Visibility Vol 8 Issue 4, 2014

Using Remote Sighted Assistants to Identify the Location and Orientation of Visually Impaired Pedestrians

Indoor navigation is very difficult for people with visual impairments. Numerous technologies have been proposed for non-visually identifying the location and orientation of a pedestrian, but none has yet proven as successful as GPS for outdoor navigation. Smartphone apps have been developed in which visually impaired users send a camera snapshot of an object to a remote service for object identification. We asked whether a similar system could be used for indoor location sensing. An experiment was conducted to determine whether a normally sighted person, called the “interpreter”, could identify the location and facing direction of a photo taken by a simulated pedestrian in a building using a floor plan and a small number of representative photos from key locations within the floor plan.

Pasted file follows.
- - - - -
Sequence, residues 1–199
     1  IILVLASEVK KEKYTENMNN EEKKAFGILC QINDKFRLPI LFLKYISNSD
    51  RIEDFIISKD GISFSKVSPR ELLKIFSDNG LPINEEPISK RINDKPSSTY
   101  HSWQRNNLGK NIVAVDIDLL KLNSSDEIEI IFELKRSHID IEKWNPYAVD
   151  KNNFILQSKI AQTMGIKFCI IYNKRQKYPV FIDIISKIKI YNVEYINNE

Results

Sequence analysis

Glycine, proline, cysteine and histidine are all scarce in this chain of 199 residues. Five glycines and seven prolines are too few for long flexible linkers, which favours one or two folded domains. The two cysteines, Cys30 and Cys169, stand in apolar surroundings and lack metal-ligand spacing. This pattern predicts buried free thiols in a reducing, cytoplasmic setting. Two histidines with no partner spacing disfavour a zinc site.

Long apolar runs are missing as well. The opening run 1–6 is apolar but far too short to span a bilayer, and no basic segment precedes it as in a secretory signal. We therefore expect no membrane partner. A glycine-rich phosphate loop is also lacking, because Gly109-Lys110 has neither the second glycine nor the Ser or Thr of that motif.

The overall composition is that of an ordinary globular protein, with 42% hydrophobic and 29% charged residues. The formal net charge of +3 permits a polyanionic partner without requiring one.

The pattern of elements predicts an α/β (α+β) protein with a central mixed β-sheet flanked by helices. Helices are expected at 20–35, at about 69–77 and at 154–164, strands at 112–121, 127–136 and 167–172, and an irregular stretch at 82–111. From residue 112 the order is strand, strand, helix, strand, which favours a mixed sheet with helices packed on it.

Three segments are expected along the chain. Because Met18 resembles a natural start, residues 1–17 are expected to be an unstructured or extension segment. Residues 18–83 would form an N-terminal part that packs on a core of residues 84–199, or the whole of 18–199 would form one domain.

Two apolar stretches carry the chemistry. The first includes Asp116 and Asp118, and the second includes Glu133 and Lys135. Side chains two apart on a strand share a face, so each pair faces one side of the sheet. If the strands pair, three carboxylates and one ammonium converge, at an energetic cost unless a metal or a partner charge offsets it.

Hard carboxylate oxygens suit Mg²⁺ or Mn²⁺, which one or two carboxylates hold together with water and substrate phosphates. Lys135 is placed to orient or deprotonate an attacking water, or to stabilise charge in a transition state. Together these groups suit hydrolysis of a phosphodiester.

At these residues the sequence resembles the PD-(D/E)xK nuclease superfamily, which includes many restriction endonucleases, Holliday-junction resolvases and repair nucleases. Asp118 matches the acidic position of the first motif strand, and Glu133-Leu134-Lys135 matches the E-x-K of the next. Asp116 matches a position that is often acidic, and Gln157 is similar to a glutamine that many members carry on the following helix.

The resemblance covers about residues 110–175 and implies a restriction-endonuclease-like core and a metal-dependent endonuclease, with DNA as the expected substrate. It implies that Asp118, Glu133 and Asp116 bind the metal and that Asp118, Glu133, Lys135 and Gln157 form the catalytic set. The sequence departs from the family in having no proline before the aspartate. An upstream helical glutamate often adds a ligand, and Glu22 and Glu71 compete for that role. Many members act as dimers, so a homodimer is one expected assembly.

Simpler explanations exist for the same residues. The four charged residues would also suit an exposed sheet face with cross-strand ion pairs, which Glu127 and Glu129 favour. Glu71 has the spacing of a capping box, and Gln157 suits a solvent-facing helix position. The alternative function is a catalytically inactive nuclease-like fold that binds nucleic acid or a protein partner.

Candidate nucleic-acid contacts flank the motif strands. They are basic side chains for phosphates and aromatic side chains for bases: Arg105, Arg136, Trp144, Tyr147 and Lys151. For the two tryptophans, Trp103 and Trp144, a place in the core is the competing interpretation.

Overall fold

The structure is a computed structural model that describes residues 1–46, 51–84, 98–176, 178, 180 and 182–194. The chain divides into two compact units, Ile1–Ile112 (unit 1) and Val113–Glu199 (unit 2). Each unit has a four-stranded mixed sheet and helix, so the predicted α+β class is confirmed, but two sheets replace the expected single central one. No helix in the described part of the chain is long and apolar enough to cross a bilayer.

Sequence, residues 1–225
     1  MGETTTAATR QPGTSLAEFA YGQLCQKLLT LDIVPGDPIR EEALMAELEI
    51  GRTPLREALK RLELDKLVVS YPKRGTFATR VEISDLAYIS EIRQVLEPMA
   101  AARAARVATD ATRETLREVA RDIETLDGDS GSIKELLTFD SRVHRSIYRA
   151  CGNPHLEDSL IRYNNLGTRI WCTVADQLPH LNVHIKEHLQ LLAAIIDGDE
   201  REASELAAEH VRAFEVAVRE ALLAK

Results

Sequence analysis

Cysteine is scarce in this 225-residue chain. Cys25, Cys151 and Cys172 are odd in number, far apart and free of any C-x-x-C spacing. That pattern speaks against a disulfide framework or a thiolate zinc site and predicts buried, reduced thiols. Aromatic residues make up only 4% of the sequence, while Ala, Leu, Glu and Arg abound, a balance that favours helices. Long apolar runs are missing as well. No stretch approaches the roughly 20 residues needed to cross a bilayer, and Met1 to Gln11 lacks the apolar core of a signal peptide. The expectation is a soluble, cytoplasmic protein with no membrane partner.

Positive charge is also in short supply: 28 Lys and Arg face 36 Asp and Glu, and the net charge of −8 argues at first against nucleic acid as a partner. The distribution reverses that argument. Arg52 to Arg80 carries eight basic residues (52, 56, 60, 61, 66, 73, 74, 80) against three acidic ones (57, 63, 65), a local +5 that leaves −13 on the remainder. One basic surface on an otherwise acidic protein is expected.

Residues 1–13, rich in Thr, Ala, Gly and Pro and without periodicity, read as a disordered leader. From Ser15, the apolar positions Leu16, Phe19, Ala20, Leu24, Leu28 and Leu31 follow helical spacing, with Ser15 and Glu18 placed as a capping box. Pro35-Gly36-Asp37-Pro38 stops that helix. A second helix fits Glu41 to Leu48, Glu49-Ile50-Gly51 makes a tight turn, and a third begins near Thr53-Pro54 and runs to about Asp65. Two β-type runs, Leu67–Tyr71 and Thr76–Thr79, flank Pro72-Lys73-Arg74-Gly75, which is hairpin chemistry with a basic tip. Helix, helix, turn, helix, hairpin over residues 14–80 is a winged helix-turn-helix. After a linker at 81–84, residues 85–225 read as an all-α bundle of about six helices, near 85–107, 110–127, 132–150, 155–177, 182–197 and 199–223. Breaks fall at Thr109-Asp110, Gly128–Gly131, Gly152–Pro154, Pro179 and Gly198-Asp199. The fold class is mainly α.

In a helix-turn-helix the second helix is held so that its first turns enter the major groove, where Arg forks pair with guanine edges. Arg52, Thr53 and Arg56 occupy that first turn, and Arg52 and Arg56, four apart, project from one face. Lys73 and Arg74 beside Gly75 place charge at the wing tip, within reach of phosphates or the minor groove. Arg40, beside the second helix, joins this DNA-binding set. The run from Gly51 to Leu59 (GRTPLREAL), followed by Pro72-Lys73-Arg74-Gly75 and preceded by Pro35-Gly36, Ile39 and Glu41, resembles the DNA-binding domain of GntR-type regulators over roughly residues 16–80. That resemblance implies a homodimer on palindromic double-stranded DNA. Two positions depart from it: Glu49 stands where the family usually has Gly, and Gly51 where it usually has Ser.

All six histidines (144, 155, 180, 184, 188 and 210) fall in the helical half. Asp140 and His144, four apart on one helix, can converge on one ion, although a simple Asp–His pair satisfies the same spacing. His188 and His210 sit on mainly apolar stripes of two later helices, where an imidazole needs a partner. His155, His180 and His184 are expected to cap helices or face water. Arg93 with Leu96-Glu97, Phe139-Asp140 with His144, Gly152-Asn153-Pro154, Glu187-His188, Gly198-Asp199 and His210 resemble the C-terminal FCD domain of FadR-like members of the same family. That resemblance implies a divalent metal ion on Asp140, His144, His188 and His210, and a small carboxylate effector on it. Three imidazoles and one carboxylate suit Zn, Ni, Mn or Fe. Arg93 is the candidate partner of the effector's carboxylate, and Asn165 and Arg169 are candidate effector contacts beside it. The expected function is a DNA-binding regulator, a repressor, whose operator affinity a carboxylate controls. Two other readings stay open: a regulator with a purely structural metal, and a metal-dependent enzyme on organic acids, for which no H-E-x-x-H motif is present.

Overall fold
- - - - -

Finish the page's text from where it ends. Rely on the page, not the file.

Elderly couple under tree smiling

Quantifying Emotion Recognition and Classification in Clients with Age-Related Macular Degeneration

Aaron P. Johnson, PhD

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Man using magnifier on glasses

Characteristics of Older Bioptic Drivers: Effects of Increasing Age on Driving Safety

Bradley E. Dougherty, OD, PhD

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Visually impaired woman using fridge

Validation and Responsiveness of the Low Vision Independence Measure (LVIM)

Theresa Marie Smith, PhD, OTR, CLVT

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